Here we see a fairly firm grasp of the essentials of federalism. Plainly the central principle — the distribution of powers among governments — was taking definite shape in some colonial minds. Though the Parliament was spoken of as "supreme", we are not justified in supposing that the council meant by that word complete and all-embracing authority. Such authority was the very object attacked. The demand was for the recognition of "property" possessed by the colony — legal security within its legal sphere of government. And if to the reader this argument seems neither conclusive nor altogether clear, the fact remains that distribution of authority in the empire and the recognition of the rights of the colonies as constituent portions of the empire were asserted. If Hutchinson's reasoning and his conclusions were legally sound, he nevertheless thrust them unwisely into the faces of a politically-minded people who had practiced freedom; to dare such a thrust was a negation of cautious statesmanship. If the colonists, convinced by his reasonings, were forced to choose between unlimited submission to Parliament and complete freedom from control, which horn of the dilemma would they choose?

In the course of his argument, Hutchinson laid down a principle which he thought was beyond the reach of all denial: "I know of no line that can be drawn between the supreme authority of Parliament and the total independence of the colonies: it is impossible there should be two independent Legislatures in one and the same state; for, although there may be but one head, the King, yet the two Legislative bodies will make two governments as distinct as the kingdoms of England and Scotland before the union." Thus he handed out a principle of political science or philosophy; but men are not always willing to be governed by the principles of philosophy. Hutchinson, be it noticed, could not conceive of a government that possessed only limited authority; he could not conceive of two independent legislatures, not to say two independent governments, in one and the same state; one must be so distinctly subordinate to the other as to have no legally indefeasible property in its own authority.

When Hutchinson boldly threw down the gauntlet, the house eagerly took it up and, after discussing the general question of the powers of Parliament over the province, reached the critical point to which the Governor's speech had forced it. "Your Excellency tells us, 'you know of no line that can be drawn between the supreme authority of Parliament and the total independence of the colonies.' If there be no such line, the consequence is, either that the colonies are the vassals of the Parliament, or that they are totally independent. As it cannot be supposed to have been the intention of the parties in the compact, that we should be reduced to a state of vassalage, the conclusion is, that it was their sense, that we were thus independent. 'It is impossible,' your Excellency says, 'that there should be two independent Legislatures in one and the same state.' May we not then further conclude, that it was their sense, that the colonies were, by their charters, made distinct states from the mother country? ... there is more reason to dread the consequences of absolute uncontroled power, whether of a nation or a monarch, than those of a total independence.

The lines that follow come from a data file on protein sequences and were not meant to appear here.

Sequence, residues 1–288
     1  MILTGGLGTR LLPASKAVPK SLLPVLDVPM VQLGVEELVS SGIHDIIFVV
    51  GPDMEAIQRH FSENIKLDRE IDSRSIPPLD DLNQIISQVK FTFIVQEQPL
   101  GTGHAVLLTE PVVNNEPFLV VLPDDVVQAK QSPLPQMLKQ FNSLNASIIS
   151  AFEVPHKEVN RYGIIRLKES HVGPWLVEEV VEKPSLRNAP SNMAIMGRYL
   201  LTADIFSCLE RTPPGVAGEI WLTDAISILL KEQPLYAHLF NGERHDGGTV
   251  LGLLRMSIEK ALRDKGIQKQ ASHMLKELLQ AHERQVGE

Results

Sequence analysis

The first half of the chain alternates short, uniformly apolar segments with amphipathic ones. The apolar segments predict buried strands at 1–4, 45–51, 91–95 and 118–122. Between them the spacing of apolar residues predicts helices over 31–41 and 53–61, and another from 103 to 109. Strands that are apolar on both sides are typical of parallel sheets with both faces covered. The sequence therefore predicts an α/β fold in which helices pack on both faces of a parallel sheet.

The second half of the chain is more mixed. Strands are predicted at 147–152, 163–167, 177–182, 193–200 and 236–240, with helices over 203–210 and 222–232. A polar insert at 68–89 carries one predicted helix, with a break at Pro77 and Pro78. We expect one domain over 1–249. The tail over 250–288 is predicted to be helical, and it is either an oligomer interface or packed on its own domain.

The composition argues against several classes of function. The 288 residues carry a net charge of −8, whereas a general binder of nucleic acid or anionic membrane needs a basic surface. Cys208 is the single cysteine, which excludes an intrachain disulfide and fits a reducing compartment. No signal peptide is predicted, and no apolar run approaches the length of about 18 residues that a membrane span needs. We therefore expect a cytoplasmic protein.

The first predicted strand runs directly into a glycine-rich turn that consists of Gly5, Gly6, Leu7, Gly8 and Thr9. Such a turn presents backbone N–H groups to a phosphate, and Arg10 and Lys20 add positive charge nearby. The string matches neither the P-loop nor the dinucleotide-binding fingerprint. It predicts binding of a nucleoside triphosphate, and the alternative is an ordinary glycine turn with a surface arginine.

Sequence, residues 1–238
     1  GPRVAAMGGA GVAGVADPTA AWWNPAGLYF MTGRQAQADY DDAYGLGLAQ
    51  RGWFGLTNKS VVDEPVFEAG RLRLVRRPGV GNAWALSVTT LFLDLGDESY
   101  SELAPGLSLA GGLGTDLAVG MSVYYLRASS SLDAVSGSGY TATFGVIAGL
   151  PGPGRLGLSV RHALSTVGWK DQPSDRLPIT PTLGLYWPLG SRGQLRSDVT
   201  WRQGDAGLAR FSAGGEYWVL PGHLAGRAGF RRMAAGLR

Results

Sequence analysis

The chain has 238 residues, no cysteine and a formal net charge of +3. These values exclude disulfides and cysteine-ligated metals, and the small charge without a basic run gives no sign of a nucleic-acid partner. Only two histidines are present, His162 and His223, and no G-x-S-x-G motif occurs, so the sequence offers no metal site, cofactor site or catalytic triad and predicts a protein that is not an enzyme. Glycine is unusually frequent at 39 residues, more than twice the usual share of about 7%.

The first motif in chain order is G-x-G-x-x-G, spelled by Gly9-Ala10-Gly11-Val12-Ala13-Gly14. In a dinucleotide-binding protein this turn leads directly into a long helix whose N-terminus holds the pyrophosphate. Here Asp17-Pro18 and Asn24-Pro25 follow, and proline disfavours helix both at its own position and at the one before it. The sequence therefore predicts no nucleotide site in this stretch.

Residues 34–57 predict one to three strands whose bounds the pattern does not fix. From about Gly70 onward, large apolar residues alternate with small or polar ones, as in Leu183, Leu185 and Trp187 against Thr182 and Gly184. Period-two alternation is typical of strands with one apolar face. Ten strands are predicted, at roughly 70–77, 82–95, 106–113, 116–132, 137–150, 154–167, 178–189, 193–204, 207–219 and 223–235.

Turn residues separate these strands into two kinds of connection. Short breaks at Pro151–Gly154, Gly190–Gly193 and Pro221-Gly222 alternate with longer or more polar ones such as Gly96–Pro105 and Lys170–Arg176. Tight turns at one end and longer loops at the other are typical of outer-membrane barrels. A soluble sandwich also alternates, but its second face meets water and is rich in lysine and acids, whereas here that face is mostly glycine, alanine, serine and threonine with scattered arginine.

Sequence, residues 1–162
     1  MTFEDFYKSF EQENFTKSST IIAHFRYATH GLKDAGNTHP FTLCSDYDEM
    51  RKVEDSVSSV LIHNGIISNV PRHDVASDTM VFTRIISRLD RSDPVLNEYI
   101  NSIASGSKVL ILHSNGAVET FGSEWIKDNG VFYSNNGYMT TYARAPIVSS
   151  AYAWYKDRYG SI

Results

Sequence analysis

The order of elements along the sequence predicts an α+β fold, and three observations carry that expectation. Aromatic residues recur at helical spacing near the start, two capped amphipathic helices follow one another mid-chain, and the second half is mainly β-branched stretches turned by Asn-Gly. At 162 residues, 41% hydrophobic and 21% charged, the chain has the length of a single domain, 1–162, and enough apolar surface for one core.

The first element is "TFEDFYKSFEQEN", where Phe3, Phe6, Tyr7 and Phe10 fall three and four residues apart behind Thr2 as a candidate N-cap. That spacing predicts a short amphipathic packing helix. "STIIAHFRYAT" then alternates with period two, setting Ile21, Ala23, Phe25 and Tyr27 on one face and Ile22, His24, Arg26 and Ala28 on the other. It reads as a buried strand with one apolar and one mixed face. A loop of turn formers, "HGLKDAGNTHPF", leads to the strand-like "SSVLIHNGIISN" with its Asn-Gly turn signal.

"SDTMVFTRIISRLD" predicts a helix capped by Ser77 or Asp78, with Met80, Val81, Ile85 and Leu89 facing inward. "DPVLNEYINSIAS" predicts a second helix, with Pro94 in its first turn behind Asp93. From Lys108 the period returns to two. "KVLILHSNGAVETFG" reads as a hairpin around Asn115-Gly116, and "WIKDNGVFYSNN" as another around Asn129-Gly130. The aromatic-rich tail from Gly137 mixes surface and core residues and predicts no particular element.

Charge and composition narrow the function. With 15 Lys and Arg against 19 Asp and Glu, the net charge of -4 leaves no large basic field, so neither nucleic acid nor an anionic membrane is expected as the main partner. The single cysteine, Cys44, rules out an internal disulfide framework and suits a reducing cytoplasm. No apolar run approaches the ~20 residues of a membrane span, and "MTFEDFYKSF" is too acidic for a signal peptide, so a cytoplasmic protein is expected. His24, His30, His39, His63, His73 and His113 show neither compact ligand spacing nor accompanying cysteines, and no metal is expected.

... If your Excellency expects to have the line of distinction between the supreme authority of Parliament, and the total independence of the colonies drawn by us, we would say it would be an arduous undertaking, and of very great importance to all the other colonies; and therefore, could we conceive of such a line, we should be unwilling to propose it, without their consent in Congress."